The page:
It's well established that the economic empowerment of women isn't just good for women, it's good for everyone. Likewise, there is a growing body of evidence (including the latest report by McKinsey & Co) showing that when more women sit at the decision-making tables, better decisions are made.
Yet despite record numbers of women graduating college and entering the workforce, data still points to a 'leaky pipeline' - a large chasm between the number of women starting out on the professional track and how many advancing to senior positions. One of the many ways we can help to 'leak-proof' this pipeline is through mentoring. That is, getting more people already in positions of influence actively supporting, sponsoring and guiding the careers of women as they progress through their careers, particularly at pivotal decision points.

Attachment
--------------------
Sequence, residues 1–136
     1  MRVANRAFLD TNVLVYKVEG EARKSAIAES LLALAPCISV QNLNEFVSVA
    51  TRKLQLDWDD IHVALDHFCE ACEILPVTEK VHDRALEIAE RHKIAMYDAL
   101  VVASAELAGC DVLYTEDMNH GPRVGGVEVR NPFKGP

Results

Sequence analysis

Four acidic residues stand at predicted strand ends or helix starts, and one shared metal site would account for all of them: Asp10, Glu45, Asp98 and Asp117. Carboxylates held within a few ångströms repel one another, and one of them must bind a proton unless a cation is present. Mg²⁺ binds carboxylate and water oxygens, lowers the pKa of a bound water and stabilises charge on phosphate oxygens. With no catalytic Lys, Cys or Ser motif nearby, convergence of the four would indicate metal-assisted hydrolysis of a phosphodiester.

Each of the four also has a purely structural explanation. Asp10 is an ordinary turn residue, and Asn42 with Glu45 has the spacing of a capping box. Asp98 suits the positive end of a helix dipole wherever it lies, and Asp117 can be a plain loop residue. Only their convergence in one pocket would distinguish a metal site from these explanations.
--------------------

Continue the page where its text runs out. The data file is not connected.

While some debate the merit of mentorship within its traditional parameters, when it’s expanded to include sponsorship and advocacy, it’s proven to be a critical element of success by providing protégés with the opportunity to broaden their perspective, build social capital, navigate organizational politics more strategically, and muster up the confidence to ‘lean in’ and speak up when it matters most. In male-dominated professions, where women often face even greater challenges in building networks and embracing feminine leadership strengths, mentoring has proven even more paramount...
To read the full article by Margie Warrell, visit Forbes.